Doors and Gates

Have you ever noticed that there is a one big difference in the front door of a commercial building like a bank or office building and the front door of a residence. The commercial front door opens outward to the street. Our sanctuary has two large doors that open outward. But go home this afternoon and you will probably notice that your front door opens inward.

Why is this? Why does your front door open inward? It goes back to a Biblical idea as far back as Abraham. Our homes are architecturally designed to welcome people. And those who are Christ’s disciples are commanded in the 1st Peter to “Be hospitable to one another without complaint.” And Paul tells both Timothy and Titus that one of the key qualifications for an elder is that they are known for being hospitable.

In this way they reflect Jesus character, because no one was more hospitable than Jesus. Even though he had no place to lay his head, when people came into his presence, no matter who they were or what their status or class they felt welcome.

The image of an open door is also found in the opening letters to the seven churches in the Book of Revelation. It is from the letter of the risen Christ to the church in Sardis: Look I have set before you an open door, which no one will be able to shut.  So with that background, what does Jesus mean: I am the door or the gate for the sheep.

Sometimes a picture is worth a thousand words.

When I first watched this video I was deeply moved. What Jesus is saying here is that he himself is the gate. He knows each of his sheep by name, he knows when to shut the door to wolves and when to open the door. Not a wooden door, but a human door. Jesus says: I am the gate; I am the door.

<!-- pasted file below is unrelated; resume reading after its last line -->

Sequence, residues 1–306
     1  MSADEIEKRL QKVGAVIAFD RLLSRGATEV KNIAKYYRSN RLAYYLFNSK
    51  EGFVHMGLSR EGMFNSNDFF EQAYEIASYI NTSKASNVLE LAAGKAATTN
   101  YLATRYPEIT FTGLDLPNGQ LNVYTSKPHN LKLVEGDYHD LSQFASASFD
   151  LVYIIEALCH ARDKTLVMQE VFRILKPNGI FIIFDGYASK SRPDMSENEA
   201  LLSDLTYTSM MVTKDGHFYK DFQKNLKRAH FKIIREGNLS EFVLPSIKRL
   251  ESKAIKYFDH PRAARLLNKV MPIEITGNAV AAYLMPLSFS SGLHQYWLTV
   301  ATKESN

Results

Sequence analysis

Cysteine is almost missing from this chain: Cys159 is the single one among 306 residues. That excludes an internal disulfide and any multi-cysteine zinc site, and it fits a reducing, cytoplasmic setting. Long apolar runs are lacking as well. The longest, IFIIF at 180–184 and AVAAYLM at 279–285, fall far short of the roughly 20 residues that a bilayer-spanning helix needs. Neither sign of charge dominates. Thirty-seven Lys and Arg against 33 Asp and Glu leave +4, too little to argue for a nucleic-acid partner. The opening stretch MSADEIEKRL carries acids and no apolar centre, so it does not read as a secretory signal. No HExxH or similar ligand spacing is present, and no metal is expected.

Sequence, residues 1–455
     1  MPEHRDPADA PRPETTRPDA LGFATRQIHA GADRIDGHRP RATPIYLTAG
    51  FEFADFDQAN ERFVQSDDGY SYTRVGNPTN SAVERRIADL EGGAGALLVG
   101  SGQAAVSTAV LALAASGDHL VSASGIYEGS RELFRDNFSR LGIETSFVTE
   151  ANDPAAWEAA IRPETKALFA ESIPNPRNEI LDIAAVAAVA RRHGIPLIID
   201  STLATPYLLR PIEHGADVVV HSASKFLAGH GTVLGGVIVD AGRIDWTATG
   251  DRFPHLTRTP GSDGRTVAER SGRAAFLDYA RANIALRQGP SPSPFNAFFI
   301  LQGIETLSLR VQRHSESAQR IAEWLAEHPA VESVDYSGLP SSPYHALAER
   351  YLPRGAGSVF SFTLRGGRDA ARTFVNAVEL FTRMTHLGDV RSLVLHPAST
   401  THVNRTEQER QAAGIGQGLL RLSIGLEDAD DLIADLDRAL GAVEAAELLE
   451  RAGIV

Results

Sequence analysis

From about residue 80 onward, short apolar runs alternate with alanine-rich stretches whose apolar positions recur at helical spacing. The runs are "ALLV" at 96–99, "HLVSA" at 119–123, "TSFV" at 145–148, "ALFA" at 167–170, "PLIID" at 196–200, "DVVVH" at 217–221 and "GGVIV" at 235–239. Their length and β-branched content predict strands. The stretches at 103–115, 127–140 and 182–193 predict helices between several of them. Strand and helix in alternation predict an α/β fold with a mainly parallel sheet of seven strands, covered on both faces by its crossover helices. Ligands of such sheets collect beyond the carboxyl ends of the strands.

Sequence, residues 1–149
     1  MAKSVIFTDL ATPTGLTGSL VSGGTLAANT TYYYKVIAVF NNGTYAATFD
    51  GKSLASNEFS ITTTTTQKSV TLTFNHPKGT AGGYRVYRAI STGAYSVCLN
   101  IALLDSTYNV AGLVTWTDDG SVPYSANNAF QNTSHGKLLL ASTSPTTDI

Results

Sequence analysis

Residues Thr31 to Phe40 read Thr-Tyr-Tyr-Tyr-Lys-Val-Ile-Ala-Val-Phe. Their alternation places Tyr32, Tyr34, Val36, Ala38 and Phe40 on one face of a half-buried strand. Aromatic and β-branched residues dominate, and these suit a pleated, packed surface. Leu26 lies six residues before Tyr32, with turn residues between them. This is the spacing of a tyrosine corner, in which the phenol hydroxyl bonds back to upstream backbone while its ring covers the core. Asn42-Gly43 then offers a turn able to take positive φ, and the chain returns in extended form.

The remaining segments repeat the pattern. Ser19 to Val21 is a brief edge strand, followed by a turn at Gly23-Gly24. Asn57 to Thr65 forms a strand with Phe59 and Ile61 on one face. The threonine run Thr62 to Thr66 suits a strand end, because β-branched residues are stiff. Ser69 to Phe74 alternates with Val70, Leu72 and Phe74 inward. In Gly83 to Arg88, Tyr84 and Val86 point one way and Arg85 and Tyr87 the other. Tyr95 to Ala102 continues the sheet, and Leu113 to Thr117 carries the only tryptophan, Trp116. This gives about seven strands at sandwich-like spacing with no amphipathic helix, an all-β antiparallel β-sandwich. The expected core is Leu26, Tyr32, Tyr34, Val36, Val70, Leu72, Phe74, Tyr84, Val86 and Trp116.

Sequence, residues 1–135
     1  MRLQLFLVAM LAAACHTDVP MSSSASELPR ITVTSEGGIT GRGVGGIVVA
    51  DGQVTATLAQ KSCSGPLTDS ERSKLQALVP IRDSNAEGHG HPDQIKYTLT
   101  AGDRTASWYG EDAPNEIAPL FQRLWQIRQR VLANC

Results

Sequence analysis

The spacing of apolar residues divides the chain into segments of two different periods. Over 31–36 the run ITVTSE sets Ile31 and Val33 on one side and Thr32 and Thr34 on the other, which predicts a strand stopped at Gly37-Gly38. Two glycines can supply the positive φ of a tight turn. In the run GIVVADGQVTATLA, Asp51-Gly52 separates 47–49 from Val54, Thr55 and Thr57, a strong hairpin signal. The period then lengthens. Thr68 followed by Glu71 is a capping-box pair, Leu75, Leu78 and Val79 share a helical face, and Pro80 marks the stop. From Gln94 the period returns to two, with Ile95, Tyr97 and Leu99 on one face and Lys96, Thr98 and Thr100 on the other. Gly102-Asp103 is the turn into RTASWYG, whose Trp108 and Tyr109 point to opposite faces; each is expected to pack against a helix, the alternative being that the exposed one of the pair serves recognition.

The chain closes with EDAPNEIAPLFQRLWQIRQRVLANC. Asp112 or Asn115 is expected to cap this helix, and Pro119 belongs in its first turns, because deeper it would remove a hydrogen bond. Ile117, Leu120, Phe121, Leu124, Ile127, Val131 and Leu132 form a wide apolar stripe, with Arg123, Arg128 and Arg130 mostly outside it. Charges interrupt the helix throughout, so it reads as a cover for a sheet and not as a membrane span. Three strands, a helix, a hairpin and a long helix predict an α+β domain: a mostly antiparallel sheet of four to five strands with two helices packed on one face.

He really is the human door. Unlike our homes or offices, the sheepfold has no physical door, The Shepherd is the door.

When it is time to leave the sheepfold go out to the pasture, the sheep follow the voice of the shepherd and they follow him because they recognize his voice and know that he will lead them to pasture. Sheep aren’t very smart, but they are stubborn, if they don’t recognize the voice or call of the person who is trying to take them out of the sheepfold, they simply won’t go.

Gary Burge tells the story of the power of the voice of the Shepherd. A Palestinian woman who had lost her husband in a recent conflict with Israel was not only in mourning but her sheep, her only source of a livelihood had been confiscated and put in a large pen with hundreds s of other sheep. She was one tough lady. She found the place where her sheep were being held and she asked the Israeli army officer if she could simply call out her sheep. He decided to make fun of her and pointed to the pen and said it would be impossible to find just her small flock of sheep. She asked that if she could, in fact, identify just her sheep, could she take them home. The officer agreed. A soldier opened the gate and the woman’s son produced a small reed flute. He played a simple tune again and again—soon sheep head began popping up across the pen. The young boy continued playing his music and walked home with his mother. They were followed by their flock of 25 sheep.

Now the point is clear.  Jesus is both shepherd and gate; his is the true voice, through him comes salvation and life.

Jesus is both the shepherd and the gate; the way to safety, the way to salvation and abundance of life.  The thief comes only to kill and to destroy, Jesus comes to bring life and wholeness.

In many ways this teaching is similar to other great sayings in John: I am the light of the world - the true light that lights the way to salvation; I am the way, the truth and the life - Jesus as the true means of access to God.

When the apostle John finally gets around to writing down his gospel, remember he had been preaching orally for decades, but when he finally decides it is time to write it all down for the generations to come, he is writing to people who live in a very different context than rural Palestine. They are scattered around the Roman Empire. It was an intensely pluralistic world. The Christian faith was one option in the midst of many ways of salvation, many faiths, many ideologies. In that sense it was a world very much like ours. John uses this pastoral image of a sheep gate to explain that there is only one way for sheep, to follow their Shepherd’s voice. In John’s Gospel there are strong contrasts: like